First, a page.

Screen Time is a feature that Apple added to iOS 12, which allows you to keep track of how much time you spend on each app you use, how many times you wake up your iOS device, and how many notifications you receive. This data can help you cut down on your device usage, and you can use Screen Time to set limits for your kids.
Screen Time was also added to macOS Catalina, with the same features. However, it doesn’t seem to work correctly. Rather than showing which apps are frontmost when you work, it shows how long apps are open:
I keep a number of apps open all the time: Mail, Messages, Fantastical, Omni Focus, Music, and a few others. So counting them as actual “screen time” makes no sense.
In the above example, all these apps were open all day – obviously, the Finder is always “open” – so the data is essentially useless. Is this a bug or a feature? I would think that Screen Time should only record that time when apps are frontmost.
Screen Time also records “Pickups.” While this makes sense for an iOS device – how many times you picked up your iPhone and woke it up – it really makes little sense on the Mac. A pickup on the Mac is the number of times you woke the device from sleep, or restarted it.
And the apps listed in the lower pane are supposed to be the first app that you used when you awakened the Mac, but seem to be just the frontmost apps when the Mac is awakened. So if I put my Mac to sleep with Safari frontmost, when I wake it up, it will be counted as a pickup. On iOS this makes sense, because when you wake up your iOS device, you are on the home screen, so you have to actively choose which app you are going to use. Also, it doesn’t seem to be reliably updating on the Mac; right now, I’ve put my Mac to sleep a couple of times yet when I awaken it, it doesn’t add to the number of pickups. And it’s not counting the System Preferences app, which I’ve used several times after waking up my Mac to view Screen Time.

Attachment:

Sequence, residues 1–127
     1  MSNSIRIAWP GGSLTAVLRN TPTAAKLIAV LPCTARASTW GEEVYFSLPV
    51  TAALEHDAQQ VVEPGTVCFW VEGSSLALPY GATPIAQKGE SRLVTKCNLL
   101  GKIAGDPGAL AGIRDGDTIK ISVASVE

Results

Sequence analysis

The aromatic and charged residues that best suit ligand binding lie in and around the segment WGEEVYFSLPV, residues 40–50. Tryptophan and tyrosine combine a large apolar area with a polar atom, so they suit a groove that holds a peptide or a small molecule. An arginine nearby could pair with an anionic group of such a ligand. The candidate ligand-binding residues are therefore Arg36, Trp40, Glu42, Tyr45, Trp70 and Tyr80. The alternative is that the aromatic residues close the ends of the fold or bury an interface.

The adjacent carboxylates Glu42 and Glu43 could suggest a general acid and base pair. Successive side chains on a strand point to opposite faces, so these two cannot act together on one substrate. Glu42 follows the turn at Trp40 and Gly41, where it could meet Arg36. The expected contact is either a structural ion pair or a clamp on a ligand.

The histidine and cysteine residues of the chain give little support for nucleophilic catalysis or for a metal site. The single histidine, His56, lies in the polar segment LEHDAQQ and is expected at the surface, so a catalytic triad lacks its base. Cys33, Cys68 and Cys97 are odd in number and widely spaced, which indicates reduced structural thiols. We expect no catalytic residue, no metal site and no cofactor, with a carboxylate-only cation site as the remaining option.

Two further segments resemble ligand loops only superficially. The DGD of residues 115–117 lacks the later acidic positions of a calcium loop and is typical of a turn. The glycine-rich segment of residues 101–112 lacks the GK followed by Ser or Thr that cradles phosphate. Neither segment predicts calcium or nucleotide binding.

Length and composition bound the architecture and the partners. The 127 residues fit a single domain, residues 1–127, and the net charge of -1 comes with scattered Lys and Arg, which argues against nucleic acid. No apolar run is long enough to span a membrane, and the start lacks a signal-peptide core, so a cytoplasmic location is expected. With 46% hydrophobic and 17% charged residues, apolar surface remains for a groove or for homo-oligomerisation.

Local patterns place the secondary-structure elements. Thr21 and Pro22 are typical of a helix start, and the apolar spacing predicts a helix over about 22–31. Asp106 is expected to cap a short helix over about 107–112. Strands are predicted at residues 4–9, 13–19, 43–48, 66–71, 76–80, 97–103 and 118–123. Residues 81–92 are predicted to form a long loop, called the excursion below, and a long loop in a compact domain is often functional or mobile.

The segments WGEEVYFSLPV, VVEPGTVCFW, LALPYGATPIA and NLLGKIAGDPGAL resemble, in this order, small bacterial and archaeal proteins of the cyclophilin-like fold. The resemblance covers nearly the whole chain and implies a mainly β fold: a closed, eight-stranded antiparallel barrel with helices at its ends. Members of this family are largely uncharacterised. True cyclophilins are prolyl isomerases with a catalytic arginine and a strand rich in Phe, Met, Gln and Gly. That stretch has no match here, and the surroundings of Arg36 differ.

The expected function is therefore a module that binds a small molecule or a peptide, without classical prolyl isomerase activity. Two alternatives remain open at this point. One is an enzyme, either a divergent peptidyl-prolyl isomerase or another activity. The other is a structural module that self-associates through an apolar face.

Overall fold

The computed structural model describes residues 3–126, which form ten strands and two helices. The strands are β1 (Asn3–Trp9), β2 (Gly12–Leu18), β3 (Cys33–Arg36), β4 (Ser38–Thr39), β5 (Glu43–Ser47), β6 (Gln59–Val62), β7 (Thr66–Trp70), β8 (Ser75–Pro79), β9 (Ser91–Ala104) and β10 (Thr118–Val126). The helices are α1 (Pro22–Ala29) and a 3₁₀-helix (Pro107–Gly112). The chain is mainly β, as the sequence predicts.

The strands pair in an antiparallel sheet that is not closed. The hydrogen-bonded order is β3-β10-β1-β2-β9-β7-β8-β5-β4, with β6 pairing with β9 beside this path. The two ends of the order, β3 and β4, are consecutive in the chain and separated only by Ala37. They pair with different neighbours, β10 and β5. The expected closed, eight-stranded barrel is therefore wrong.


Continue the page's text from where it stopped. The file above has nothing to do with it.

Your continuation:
Finally, it records notifications, as does iOS. While iOS notifications can be a disturbance, since they appear on the device when it’s not in use, this isn’t the case on the Mac. If the Mac is asleep, notifications won’t display; they will, however, if your screen is dimmed, or if a screen saver is active. In any case, is there any value to counting these notifications, especially here where I have Music set to notify me of track changes?
While Screen Time is a useful feature, notably for setting limits for kids, its information isn’t very reliable. Say you have a child who has a game open in a window, or hidden, but isn’t playing; in the meantime, they’re working on their homework. All the time the app is running counts as usage time. There’s really no way to get any reliable information about which apps are really used.
And, for example, I might want to track my time using certain apps to bill clients, but with Screen Time, I’d have to remember to quit the apps when I switch to another app, and that is somewhat futile, because I certainly won’t remember.
It’s worth pointing out that Many Tricks’ Time Sink does this quite efficiently: by app, but also by window, so you can easily record exactly what you’re doing, especially if you are billing clients by the time you spent working for them.